There were strikes at eight further education colleges last week (Pic: Jenny Sutton)

Further education colleges in England fight over pay

Workers at eight colleges in England walked out last week for three days in a battle over pay. The UCU union called off action at three other colleges after receiving last-minute pay offers.

At City and Islington college in north London UCU rep Sean Vernell hailed a “fantastic show of unity and determination” on the picket line. He said the action was needed because, “Ministers don’t give a toss about places like this. They don’t send their kids here.”

Workers at City and Islington also took part in the day of action for Palestine on the Wednesday strike day. At Hugh Baird college in in Liverpool and Heart of Yorkshire Education Trust workers voted to accept deals that included a pay offer of 6.5 percent and national bargaining commitments.

Strikes at Bath College were suspended while workers voted on a 6.5 percent offer.

Left candidate in UCU election

Left candidate Saira Weiner is confirmed as a candidate for UCU general secretary after winning enough nominations. She will face incumbent Jo Grady, Vicky Blake and Ewan McGaughey.

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Scottish further education strike re-ballot

College lecturers in the EIS-Fela union across Scotland began their pay strike re-ballot this week. Their last pay rise was in September 2021, and the present derisory offer is linked to job cuts.

The new ballot comes after months of turmoil in the sector with the two biggest colleges, Edinburgh and City of Glasgow, locked in prolonged strikes against compulsory redundancies.

The fight is far from over, partly because it is driven by Scottish government underfunding. City of Glasgow lecturers are back into intensive strike action.

There is everything to fight for in Scottish Further education. The government is considering privatisation, so the very nature of working class tertiary education is at stake. Lecturers need to vote for resistance and then fight.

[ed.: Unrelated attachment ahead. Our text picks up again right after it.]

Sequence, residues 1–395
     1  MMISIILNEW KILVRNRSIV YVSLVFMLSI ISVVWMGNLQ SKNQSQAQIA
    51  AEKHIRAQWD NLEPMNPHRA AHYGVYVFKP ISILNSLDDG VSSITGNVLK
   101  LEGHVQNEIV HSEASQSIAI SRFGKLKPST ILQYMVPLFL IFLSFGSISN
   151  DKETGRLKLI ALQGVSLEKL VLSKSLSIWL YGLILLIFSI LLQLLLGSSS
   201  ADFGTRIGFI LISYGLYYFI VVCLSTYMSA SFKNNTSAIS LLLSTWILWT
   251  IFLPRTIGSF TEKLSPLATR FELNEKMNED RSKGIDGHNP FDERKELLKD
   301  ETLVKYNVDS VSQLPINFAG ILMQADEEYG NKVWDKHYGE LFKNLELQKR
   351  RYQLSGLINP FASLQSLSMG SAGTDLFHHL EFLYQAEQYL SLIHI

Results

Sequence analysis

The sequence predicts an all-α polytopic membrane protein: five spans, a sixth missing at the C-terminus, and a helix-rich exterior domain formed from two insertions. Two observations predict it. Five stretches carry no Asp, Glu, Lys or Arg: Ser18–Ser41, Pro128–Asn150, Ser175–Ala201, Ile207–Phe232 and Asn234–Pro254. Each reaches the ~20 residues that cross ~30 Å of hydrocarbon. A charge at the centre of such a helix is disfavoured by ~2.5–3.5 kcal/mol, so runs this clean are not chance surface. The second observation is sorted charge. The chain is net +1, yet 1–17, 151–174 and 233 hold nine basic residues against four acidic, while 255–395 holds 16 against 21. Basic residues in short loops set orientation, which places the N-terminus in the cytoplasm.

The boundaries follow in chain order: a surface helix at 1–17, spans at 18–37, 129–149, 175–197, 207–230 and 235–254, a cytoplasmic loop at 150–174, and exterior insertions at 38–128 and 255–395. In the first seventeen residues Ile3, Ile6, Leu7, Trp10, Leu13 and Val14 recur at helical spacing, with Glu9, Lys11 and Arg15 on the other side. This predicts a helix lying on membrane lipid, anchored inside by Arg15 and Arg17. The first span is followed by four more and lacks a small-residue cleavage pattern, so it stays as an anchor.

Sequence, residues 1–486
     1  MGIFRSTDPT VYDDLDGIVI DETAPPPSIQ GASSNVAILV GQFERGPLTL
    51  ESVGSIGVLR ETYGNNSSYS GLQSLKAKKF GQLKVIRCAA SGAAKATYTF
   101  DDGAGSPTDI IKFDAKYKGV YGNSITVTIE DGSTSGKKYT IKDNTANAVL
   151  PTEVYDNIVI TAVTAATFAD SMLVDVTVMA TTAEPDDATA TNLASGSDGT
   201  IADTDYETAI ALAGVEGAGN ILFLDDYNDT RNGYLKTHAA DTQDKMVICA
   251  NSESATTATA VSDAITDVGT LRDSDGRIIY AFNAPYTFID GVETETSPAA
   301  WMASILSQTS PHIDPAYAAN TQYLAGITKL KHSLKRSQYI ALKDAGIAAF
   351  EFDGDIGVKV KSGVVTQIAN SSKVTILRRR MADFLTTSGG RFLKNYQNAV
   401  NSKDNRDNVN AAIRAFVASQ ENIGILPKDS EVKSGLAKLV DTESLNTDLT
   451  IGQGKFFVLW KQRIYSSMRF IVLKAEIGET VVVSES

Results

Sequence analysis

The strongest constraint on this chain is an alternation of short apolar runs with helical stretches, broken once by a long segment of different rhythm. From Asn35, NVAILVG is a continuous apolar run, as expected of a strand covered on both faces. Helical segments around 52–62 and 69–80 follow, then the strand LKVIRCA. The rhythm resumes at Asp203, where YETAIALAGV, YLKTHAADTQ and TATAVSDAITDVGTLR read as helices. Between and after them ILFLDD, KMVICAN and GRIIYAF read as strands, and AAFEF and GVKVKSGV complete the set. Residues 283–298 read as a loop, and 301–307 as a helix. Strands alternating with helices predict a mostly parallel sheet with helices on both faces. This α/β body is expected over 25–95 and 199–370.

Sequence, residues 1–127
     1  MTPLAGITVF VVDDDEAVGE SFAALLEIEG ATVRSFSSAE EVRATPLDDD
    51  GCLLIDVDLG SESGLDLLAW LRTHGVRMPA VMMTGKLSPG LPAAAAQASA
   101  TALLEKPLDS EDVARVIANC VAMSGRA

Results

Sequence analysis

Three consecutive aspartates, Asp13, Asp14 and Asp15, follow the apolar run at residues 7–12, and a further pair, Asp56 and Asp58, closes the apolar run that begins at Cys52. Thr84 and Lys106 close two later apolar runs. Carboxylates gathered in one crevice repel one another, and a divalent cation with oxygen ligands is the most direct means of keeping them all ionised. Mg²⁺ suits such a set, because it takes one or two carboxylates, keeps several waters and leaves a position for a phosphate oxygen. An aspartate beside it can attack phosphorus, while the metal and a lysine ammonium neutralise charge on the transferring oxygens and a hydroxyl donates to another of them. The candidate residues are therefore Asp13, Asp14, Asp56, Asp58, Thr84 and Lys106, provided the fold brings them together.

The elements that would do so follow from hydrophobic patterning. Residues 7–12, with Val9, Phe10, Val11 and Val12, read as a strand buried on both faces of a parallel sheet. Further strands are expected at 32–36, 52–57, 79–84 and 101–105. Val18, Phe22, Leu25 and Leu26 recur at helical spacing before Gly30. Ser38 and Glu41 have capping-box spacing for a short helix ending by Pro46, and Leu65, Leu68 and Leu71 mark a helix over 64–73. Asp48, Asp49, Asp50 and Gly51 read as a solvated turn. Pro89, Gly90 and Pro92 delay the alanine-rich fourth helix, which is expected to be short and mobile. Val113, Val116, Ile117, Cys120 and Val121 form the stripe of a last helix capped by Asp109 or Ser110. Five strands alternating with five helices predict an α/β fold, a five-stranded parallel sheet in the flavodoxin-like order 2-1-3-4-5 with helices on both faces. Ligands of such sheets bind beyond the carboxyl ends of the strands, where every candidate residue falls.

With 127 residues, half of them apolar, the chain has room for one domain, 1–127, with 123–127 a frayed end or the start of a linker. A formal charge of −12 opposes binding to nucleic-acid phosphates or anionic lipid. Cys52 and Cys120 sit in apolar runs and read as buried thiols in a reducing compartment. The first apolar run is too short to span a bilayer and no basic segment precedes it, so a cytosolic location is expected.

Donny Gluckstein

Dark Friday for Amazon

Black Friday this week will see the largest day of industrial disruption in Amazon’s 30-year history, with strikes across the globe including in Germany, Italy and the United States.

In Britain more than 1,000 workers at the retail giant’s Coventry warehouse will walk out in the dispute over low pay—the 28th day of action in the dispute. Coventry staff want a minimum of £15 an hour. The minimum rate is now £11.80.

Struggle builds unions. The GMB union recently announced that it has 1,000 members at the BHX4 Coventry warehouse. That’s five times the number it had before the first official strike, in January this year.

It’s welcome that the GMB is holding a strike ballot at Amazon’s new £500 million flagship Birmingham fulfilment centre in Sutton Coldfield. But the action must spread wider to beat Amazon bosses.

Pay up NHS Tayside

NHS workers in Tayside, in the east of Scotland, struck for three days last week in a fight against underpayment. The around 60 Unite union members are demanding that NHS Tayside implement national conditions for craft workers.

They had already scheduled on-going strikes every Thursday and Friday. But last week they escalated by striking on Wednesday too. The workers also withdrew weekend cover, meaning they didn’t return to work until Monday.

Unite has requested the dispute is referred to the Scottish Terms and Conditions Board for binding arbitration. But, so far, bosses have refused this.

Unite official Dougie Maguire said, “This escalation in industrial action will lead to crucial work going unattended and there is already a long backlog of maintenance work required.

“We are also not ruling out a further escalation, unless NHS Tayside see sense and the Scottish Government intervene.”

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